Sure, sex positivity has its feminist detractors: who really benefits from a woman dressing like she's in Girls Gone Wild and pronouncing how up for it she is? etc. But despite "Dirrty"'s best intentions, much of the sex on Stripped shows a more mature appreciation of female-centered sensuality. Part of that, and so much of gender equality, depends on women's desires—inside and outside the bedroom—being heard. We're so deep in the sauce of seeing hetero sex as all about making sure men orgasm that repeating some of the album's themes still matters. Looking at things like this recent study, which found that young British women were regularly coerced into having anal sex that they find painful, there's always room to acknowledge that, y'know, sex should be good for everyone taking part. I mean, at the very least.
Beyond sex, Stripped throws out more than one rallying cry for women's voices. "Can't Hold Us Down" goes direct again: "This is for my girls all around the world / Who have come across a man that don't respect your worth / Thinkin' all women should be seen and not heard / So what do we do girls, shout out loud." It's almost as if Aguilera could pre-empt Twitter harassment where MPs and campaigners are subjected to death and rape threats for suggesting Jane Austen's face could be on a banknote, actresses harassed for being in a film remake, and other women told to just suck it up and face abuse for sharing an opinion. "Call me a bitch because I speak what's on my mind," indeed.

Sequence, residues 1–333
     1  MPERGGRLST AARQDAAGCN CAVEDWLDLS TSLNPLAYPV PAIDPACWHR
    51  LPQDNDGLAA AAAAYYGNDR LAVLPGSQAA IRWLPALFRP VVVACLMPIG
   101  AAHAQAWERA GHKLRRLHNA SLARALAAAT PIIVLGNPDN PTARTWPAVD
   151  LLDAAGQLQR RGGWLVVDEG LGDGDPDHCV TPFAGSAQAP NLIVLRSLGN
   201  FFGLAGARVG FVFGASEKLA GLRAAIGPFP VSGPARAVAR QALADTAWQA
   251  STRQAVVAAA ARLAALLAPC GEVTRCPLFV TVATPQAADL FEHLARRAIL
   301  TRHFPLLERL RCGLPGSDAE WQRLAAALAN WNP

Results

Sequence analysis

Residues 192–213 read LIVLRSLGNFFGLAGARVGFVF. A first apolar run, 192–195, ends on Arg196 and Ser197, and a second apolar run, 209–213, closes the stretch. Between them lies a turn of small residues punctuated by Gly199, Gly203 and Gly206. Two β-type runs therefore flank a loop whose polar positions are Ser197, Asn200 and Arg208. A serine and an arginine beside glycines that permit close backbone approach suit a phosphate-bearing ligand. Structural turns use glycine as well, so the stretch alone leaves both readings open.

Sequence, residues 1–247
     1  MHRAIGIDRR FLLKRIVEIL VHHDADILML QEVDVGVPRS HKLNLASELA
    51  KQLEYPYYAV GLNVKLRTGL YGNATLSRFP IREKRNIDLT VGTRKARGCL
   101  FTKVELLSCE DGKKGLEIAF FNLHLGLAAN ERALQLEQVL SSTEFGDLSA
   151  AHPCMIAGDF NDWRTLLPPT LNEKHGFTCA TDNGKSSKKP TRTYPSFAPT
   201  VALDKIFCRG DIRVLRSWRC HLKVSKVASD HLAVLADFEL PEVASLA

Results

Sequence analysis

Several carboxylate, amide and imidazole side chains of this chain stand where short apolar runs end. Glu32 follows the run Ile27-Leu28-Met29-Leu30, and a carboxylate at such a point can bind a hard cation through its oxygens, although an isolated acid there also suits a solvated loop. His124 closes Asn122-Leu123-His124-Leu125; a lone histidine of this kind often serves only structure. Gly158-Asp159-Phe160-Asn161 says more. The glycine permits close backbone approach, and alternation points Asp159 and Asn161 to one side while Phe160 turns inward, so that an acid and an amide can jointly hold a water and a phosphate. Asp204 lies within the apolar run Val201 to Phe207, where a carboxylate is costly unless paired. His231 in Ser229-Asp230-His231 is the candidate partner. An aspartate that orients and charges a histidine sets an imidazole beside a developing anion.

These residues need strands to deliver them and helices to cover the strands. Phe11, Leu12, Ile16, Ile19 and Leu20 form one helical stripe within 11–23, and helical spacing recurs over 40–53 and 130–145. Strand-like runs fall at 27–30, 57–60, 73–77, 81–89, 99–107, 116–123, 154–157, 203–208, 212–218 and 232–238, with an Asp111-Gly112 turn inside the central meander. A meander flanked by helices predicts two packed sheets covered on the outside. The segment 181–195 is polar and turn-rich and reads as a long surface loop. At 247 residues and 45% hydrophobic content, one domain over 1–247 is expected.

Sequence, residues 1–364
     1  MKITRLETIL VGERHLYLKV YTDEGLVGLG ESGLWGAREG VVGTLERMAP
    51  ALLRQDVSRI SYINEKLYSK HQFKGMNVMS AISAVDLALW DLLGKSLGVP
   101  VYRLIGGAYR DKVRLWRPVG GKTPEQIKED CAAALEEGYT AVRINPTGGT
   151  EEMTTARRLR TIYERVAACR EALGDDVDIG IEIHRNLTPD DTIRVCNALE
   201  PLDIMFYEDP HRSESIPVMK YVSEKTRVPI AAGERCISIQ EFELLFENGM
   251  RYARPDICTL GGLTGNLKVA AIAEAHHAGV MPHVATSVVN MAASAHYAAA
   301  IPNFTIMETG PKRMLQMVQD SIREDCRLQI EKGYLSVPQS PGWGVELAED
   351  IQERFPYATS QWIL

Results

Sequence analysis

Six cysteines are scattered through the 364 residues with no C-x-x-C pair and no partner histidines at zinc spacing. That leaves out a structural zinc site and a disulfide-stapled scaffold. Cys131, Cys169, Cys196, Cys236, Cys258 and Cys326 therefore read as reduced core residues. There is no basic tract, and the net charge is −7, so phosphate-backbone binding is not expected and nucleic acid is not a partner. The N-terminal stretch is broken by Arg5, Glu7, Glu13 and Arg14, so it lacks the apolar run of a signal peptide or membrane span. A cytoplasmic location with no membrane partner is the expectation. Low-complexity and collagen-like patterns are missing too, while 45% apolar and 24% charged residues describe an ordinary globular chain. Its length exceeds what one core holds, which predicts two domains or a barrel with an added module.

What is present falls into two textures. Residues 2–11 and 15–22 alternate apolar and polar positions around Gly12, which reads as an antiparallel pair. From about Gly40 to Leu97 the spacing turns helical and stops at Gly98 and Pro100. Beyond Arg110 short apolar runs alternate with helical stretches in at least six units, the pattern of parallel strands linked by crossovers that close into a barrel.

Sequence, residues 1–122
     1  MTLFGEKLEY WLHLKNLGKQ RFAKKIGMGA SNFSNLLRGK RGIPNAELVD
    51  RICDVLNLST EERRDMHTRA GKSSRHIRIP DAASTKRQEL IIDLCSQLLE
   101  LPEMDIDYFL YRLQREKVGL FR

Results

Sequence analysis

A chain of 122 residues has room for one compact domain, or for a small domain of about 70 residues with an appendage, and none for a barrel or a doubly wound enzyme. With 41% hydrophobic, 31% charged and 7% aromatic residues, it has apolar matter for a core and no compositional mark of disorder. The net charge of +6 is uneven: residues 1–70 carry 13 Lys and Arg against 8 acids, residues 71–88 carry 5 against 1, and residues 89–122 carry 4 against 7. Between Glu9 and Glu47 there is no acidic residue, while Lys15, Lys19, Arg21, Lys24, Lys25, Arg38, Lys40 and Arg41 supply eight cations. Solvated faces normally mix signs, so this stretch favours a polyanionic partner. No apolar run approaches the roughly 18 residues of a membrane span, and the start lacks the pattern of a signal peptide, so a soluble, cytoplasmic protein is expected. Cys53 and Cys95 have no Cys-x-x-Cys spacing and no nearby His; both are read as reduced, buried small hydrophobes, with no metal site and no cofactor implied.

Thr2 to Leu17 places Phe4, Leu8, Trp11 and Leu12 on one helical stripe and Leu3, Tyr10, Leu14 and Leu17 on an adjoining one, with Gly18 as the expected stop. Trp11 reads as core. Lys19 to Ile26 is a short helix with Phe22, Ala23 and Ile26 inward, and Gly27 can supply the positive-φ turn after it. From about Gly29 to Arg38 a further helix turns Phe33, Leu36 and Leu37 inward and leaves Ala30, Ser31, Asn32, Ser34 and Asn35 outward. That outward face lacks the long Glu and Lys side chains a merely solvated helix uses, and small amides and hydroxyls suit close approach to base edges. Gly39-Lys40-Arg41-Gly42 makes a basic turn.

While much of the album is about men's impositions on Christina's mind, sanity or security, a great portion dedicates itself to responses to anger and upset. Linda Perry's Beautiful is an ode to self-worth and respect. The gnarled pop-rock of "Fighter," is a guide for working women to not just get even, but get better than their detractors. In a world where only five countries have got a gender pay gap below 20 percent, that sentiment still goes a long way.
And almost self-reflexively, Christina wills women to roar along with her in the last third of the album, which crescendos with three huge, showy ballads (let's not pretend these songs are musically flawless by any means). "Cruz," "Soar," and "The Voice Within" are all about using inner strength to escape past sadness and insecurity. It's worth remembering that self-esteem, not just beauty related, affects 78 percent of women, who say they feel pressure to never make mistakes or show weakness.
Now, obviously Stripped is not the solution to all women's problems. It had blind spots of its own, most glaringly around race. "Make Over," which interpolates Sugababes' "Overload" (yes, Mutya Buena and Co. receive royalties from Stripped), is a proud refusal of "bullshit" standards of western beauty. But Christina (a white-passing person of mixed heritage) fits those standards pretty well. So well that she and her stylists felt confident to borrow from black culture—in particular bandanas, braids and slick baby hairs—to parlay her rebellion. It's gross. But note her tourmate Justin Timberlake had been doing the exact same thing with a fedora plopped on top.
In a way, Stripped doesn't teach us much that's new. It relays messages that feminists of various stripes have been trying to shout about for decades. But if the record, 15 years on, still gives any woman the confidence to speak up and be heard, to take charge of her sexuality and ownership of her body, or even just sing along loud enough to amplify its messages, then more power to it, and more power to Christina's ridiculous voice. She started the album by asking girls to shout out loud, but she also leads by example. It's about time the world follows.